Add the potatoes and return the meat and continue cooking until the potatoes are tender (20 minutes), finish by adding the finely sliced green of the leeks.

Check for seasoning you may not need to add any salt, taste before you go crazy. Adjust if necessary and serve in large bowls. It will be great the next day as well.

 

A SIMPLE APPLE PIE

189

photo by Simon Lambert

Apple pies are always a crowd pleaser as they bring back memories and who doesn’t like apple?

And don’t worry if you haven’t the time to whip up your own pastry I won’t tell!!

Serves 5-6

Ingredients

For the pastry

1 x 250g sweet pastry, rolled 4mm thick

Or

250g plain flour

50g icing sugar

125g cold butter, cut into cubes

1 egg

Splash water

Egg yolk for glazing and sprinkle of sugar

Filling

600g apples, granny smiths, braeburn, peas not so good etc

3 Tbsp raw cane sugar

¼ cup sultanas or raisins

½ tsp ground cinnamon or ginger

25g butter

1 Tbsp water

1 lemon, zest

Method

Begin by making the pastry if using this method.

I add the dry ingredients into a food processor or into a large bowl, add the butter and processor until just combined enough to resemble fine breadcrumbs.

Add the egg and mix until the dough comes together, if looking dry add the water and this should hold together. Bring the dough together so it forms a ball, wrap in plastic wrap and chill for at least 20-30 minutes.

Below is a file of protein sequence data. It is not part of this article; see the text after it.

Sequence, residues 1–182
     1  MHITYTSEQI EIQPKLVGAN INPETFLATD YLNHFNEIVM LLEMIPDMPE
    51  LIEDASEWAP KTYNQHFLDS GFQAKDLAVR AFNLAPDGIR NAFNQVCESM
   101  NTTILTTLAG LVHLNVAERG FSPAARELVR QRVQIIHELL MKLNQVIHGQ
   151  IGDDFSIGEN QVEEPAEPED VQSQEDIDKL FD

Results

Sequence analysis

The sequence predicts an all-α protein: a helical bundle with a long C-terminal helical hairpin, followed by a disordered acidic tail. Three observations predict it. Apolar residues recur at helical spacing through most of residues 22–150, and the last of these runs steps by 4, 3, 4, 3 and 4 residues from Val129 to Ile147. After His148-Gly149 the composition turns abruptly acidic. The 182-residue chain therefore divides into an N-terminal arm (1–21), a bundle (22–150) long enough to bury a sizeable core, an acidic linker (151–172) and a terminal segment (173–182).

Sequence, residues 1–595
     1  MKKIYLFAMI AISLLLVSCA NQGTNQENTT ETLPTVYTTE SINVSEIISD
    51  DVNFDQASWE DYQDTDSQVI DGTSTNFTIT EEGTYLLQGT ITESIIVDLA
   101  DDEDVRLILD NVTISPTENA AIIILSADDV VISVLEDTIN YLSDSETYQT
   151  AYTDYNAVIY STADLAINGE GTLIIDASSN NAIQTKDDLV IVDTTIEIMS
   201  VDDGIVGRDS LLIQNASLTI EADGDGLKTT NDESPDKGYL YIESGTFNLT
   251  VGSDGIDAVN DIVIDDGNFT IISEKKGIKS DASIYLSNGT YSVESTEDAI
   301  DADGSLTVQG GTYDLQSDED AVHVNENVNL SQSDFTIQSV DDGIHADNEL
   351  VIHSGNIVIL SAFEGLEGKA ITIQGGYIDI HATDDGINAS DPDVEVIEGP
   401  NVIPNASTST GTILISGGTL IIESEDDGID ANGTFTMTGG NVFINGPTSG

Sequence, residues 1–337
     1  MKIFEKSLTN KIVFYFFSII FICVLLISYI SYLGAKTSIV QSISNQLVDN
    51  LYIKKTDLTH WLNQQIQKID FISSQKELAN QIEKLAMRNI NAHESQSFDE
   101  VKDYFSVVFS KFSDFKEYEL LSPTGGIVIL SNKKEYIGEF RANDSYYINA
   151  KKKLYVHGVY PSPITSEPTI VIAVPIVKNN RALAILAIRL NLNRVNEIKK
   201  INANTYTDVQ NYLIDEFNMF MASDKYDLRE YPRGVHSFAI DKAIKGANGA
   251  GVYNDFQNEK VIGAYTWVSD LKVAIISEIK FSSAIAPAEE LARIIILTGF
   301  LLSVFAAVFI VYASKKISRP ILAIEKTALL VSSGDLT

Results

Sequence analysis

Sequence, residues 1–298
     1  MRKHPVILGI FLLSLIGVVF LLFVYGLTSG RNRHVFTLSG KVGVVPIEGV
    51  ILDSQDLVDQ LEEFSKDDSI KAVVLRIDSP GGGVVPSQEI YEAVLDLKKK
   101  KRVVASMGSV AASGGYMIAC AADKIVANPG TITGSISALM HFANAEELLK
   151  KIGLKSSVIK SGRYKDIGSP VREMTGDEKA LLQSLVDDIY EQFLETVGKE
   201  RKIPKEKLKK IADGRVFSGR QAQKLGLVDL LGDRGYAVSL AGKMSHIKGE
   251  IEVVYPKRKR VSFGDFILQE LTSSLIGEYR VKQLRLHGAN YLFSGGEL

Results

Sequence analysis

While the pastry is chilling, make the filling.

Preheat oven 170C

Place all the ingredients for the filling together into a saucepan and cook gently for about 5 minutes so that the apples cook half way through and this will get the juices going.

Place the apples into a 20cm pie dish. Set aside.

Roll the pastry so that is will cover the pie dish and about 1 cm overlap.

Brush the rim of the pie dish with a little of the egg yolk. Place the pastry loosely over the apples and press down around the edge. Trim off any excess. Brush with egg yolk and sprinkle with a little sugar. Cut a few slits in the pastry and if feeling decorative you can make a few leaves to place on the top.